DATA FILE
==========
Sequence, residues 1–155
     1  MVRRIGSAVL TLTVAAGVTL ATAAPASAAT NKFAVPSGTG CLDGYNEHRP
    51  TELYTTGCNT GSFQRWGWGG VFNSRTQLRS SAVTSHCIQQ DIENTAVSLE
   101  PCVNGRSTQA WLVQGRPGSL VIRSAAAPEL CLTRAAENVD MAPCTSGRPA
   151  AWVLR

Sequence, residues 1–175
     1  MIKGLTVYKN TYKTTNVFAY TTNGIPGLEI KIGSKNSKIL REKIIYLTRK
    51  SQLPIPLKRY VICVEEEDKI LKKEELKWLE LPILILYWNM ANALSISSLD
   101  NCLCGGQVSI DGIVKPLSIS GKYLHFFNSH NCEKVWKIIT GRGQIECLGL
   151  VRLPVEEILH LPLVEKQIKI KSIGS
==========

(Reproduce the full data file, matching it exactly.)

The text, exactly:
Sequence, residues 1–155
     1  MVRRIGSAVL TLTVAAGVTL ATAAPASAAT NKFAVPSGTG CLDGYNEHRP
    51  TELYTTGCNT GSFQRWGWGG VFNSRTQLRS SAVTSHCIQQ DIENTAVSLE
   101  PCVNGRSTQA WLVQGRPGSL VIRSAAAPEL CLTRAAENVD MAPCTSGRPA
   151  AWVLR

Sequence, residues 1–175
     1  MIKGLTVYKN TYKTTNVFAY TTNGIPGLEI KIGSKNSKIL REKIIYLTRK
    51  SQLPIPLKRY VICVEEEDKI LKKEELKWLE LPILILYWNM ANALSISSLD
   101  NCLCGGQVSI DGIVKPLSIS GKYLHFFNSH NCEKVWKIIT GRGQIECLGL
   151  VRLPVEEILH LPLVEKQIKI KSIGS